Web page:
Social networking giant Twitter disclosed today three new state-linked information operations that have been taken place on its platform this year.
As a result of its investigation, Twitter said it banned and removed 32,242 accounts that were part of networks operated out of China, Russia, and Turkey, all three pushing local political agendas and narratives, and associated with state-sponsored entities.
China — anti-Hong Kong protests network
Of the three networks, the largest was the one based in China. Twitter said it banned 23,750 accounts that served as the core of the network and which were responsible for posting most of the content.
Tweets posted by these accounts were then amplified by a secondary network of more than 150,000 accounts, acting as amplifiers.
“Of the approximately 150,000 amplifier accounts, the majority had little to no follower counts either and were strategically designed to artificially inflate impression metrics and engage with the core accounts,” Twitter said.
The social network said the entire operation was involved “in a range of manipulative and coordinated activities” and that most of their tweets were in the Chinese language.
The goal of these tweets was to push and spread geopolitical narratives favorable to the Communist Party of China among Chinese-speaking users, but also “deceptive narratives about the political dynamics in Hong Kong.”
Twitter said this new batch of accounts it banned today appears to be connected to another similar operation it banned in August 2019, when they banned 936 accounts that formed the core misinformation network, supported by a similar outer shell of 200,000 amplifier accounts.
Russia — attacking political dissidents
But Twitter also banned a series of accounts ran from Russia. Twitter said it found and removed 1,152 accounts associated with Current Policy, a news site pushing state-backed political propaganda.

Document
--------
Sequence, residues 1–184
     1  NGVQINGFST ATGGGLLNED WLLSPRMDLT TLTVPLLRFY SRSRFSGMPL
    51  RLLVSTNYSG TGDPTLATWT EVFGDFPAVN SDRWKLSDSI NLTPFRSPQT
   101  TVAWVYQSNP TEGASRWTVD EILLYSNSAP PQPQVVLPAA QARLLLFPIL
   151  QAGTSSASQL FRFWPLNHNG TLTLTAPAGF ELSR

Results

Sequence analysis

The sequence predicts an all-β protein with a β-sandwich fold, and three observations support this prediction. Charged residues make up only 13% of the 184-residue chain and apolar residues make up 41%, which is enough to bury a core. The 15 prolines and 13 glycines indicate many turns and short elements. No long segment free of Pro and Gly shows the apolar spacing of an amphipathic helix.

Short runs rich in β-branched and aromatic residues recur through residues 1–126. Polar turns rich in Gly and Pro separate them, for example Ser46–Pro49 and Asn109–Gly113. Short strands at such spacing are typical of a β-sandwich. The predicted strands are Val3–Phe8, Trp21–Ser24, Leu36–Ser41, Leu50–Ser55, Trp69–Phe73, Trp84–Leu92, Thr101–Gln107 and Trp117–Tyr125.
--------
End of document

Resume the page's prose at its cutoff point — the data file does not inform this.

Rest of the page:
Just like the network operated out of China, this network was also targeting a local market, namely Russian-speaking users.
“Activities included promoting the United Russia party and attacking political dissidents,” Twitter said.
Turkey — hacking anti-Erdogan accounts
A third similar network was also banned in Turkey, also pushing politically-themed tweets aimed at Turkish-speaking users.
“Based on our analysis of the network’s technical indicators and account behaviors, the collection of fake and compromised accounts was being used to amplify political narratives favorable to the AK Parti, and demonstrated strong support for President Erdogan,” Twitter said.
In total, Twitter removed 7,340 accounts, and the company said it believes the accounts were operated by the youth wing of the AK Parti.
Furthermore, this network didn’t include just bots but also compromised accounts. Twitter said the hacked accounts were previously associated with organizations critical of President Erdogan and the Turkish government, which made their new pro-government tweets stand out.
“These compromised accounts have been repeated targets of account hacking and takeover efforts by the state actors identified above,” Twitter said. “The broader network was also used for commercial activities, such as cryptocurrency-related spam.”